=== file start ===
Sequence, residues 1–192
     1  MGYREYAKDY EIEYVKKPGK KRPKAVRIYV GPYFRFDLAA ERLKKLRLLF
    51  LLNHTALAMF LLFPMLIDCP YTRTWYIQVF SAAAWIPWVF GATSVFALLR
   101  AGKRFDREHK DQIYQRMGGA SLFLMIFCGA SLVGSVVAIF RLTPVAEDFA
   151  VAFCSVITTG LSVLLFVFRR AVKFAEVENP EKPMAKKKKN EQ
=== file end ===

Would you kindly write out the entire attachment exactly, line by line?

Sequence, residues 1–192
     1  MGYREYAKDY EIEYVKKPGK KRPKAVRIYV GPYFRFDLAA ERLKKLRLLF
    51  LLNHTALAMF LLFPMLIDCP YTRTWYIQVF SAAAWIPWVF GATSVFALLR
   101  AGKRFDREHK DQIYQRMGGA SLFLMIFCGA SLVGSVVAIF RLTPVAEDFA
   151  VAFCSVITTG LSVLLFVFRR AVKFAEVENP EKPMAKKKKN EQ